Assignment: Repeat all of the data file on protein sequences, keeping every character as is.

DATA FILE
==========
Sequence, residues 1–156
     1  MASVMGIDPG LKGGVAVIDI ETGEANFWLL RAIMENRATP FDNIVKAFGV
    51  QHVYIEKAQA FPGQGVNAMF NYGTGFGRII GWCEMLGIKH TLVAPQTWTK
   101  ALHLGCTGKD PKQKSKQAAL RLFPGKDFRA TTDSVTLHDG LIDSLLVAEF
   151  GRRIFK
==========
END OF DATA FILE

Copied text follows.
Sequence, residues 1–156
     1  MASVMGIDPG LKGGVAVIDI ETGEANFWLL RAIMENRATP FDNIVKAFGV
    51  QHVYIEKAQA FPGQGVNAMF NYGTGFGRII GWCEMLGIKH TLVAPQTWTK
   101  ALHLGCTGKD PKQKSKQAAL RLFPGKDFRA TTDSVTLHDG LIDSLLVAEF
   151  GRRIFK